Tibetan antelope (Pantholops hodgsonii)

loading
Tibetan antelope male with females on steppe plains
loading
Loading more images and videos...

Tibetan antelope fact file

Tibetan antelope description

KingdomAnimalia
PhylumChordata
ClassMammalia
OrderCetartiodactyla
FamilyBovidae
GenusPantholops (1)

The Tibetan antelope, or ‘chiru’, is well known for possessing the finest and warmest wool in the animal kingdom. This adaptation provides warmth in the harsh climate of the Tibetan plateau but has contributed greatly to this species’ decline (2). These antelope are most closely related to wild sheep and goats, they have grey to reddish-brown coats with a remarkably soft and dense undercoat (2). The underparts are creamy white in colour and the bulbous nostrils have small inflatable sacs on the side (4). Male Tibetan antelope have slender, black horns that may reach 60 centimetres in length; in winter they possess black markings on the face and legs (2).

Also known as
Chiru.
French
Antilope Du Tibet, Tchirou.
Spanish
Antílope Del Tibet.
Size
Male shoulder height: 80 – 85 cm (2)
Female shoulder height: 75 cm (2)
Male weight: 35 – 40 kg (2)
Female weight: 25 – 30 kg (2)
Top

Tibetan antelope biology

Mating occurs in November and December (2), at this time males fight fiercely in an effort to control access to groups of 10 – 20 females (4). Females migrate north to give birth, over 300 km away, in June and July (2). A single calf is usually born, although life expectancy is extremely low in this harsh environment (2).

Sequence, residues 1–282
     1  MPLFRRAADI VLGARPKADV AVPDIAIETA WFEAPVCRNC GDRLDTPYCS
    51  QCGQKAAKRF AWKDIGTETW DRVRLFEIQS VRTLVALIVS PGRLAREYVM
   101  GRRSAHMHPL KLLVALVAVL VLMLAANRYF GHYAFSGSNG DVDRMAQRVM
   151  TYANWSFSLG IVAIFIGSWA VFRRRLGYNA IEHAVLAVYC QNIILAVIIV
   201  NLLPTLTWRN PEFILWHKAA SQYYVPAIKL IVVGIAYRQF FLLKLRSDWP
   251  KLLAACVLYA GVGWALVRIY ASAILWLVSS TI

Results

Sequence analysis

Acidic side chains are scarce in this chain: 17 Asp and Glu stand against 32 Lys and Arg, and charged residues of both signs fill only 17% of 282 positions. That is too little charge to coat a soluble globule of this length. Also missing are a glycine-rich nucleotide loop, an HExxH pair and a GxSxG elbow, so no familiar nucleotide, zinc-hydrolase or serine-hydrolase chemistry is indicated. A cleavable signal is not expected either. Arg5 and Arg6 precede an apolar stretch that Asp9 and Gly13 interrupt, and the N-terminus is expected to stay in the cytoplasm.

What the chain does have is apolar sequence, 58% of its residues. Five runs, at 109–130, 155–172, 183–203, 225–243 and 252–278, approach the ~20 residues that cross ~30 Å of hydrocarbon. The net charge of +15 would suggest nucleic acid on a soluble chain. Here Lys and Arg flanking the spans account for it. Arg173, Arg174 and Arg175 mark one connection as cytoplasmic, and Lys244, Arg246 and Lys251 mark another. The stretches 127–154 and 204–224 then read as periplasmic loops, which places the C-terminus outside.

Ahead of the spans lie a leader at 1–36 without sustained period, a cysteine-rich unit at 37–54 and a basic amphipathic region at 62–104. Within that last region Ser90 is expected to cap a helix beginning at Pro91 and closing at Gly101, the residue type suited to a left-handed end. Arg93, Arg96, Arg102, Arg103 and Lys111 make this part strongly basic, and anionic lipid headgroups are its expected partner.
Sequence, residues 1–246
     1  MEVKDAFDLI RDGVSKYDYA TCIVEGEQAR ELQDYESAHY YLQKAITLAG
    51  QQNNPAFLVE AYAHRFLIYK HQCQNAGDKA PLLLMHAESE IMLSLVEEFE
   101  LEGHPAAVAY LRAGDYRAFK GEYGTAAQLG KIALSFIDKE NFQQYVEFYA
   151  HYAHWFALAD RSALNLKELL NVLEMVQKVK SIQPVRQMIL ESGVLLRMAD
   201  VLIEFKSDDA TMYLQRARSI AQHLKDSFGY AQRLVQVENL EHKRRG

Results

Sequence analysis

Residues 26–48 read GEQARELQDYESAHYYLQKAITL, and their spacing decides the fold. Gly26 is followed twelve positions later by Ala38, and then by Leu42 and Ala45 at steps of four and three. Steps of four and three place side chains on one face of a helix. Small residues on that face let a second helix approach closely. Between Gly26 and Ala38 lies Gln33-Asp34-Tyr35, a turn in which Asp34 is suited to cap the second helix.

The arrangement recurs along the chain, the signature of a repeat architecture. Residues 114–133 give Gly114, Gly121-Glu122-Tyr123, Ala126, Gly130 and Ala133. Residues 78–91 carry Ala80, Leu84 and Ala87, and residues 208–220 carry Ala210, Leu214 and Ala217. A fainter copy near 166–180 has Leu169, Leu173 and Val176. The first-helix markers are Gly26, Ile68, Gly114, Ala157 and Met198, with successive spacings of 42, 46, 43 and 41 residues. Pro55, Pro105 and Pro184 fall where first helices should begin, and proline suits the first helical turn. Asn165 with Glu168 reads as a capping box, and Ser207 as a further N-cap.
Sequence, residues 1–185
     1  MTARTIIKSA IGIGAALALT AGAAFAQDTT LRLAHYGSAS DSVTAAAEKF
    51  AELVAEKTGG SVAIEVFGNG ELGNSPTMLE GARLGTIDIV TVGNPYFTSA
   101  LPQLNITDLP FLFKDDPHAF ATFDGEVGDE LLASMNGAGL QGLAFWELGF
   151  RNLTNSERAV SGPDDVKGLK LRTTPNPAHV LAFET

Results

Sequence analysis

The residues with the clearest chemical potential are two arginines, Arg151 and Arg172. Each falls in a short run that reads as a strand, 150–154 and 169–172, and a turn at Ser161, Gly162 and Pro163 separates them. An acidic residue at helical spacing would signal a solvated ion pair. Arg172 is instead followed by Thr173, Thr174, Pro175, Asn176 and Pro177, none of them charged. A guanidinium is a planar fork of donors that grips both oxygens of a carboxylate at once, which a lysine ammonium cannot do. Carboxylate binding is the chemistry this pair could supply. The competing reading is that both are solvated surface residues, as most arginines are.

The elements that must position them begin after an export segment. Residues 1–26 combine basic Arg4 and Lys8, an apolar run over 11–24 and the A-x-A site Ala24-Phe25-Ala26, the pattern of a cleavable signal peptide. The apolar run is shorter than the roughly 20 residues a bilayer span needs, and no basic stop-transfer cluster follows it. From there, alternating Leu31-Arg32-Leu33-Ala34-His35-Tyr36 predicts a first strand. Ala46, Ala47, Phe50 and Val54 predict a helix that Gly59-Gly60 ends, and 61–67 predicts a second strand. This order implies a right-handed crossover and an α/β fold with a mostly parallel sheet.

Tibetan antelope are extremely wary and alert; partially concealed, they rest in depressions dug into the soil, which provide protection from mountain winds and predation (4). Herds mainly browse in the morning and evening, resting at midday (4).

Top

Tibetan antelope range

Endemic to the Tibetan Plateau, this antelope is found mainly in Chinese regions although some individuals migrate to Ladakh in India (2).

Top

Tibetan antelope habitat

The Tibetan antelope inhabits harsh steppe areas at elevations of 3,700 to 5,500 metres above sea level (4), where temperatures can fall to -40°F (2).

Top

Tibetan antelope status

Classified as Endangered (EN – A2d) on the IUCN Red List 2002 (1), and listed on Appendix I of CITES (3).

IUCN Red List species status – Endangered

Top

Tibetan antelope threats

Large herds of antelope previously roamed the Tibetan plateau, and they are the only large mammals native to this region. In the 1990s however, a worrying decline in numbers was recorded and the population was estimated to have fallen to around 75,000 animals (5), with as many as 20,000 individuals killed annually (2). The principal cause of this decline is to supply the ‘shahtoosh’ trade; the production of shawls made from the fine, warm wool of this species. Shahtoosh stands for ‘king of wools’ in Persian and became a sought-after fabric in the fashion capitals of the world towards the end of the 20th Century (6). Up to five antelope are needed to produce a single shawl and these can fetch up to US$ 15,000 on world markets (2).

Top

Tibetan antelope conservation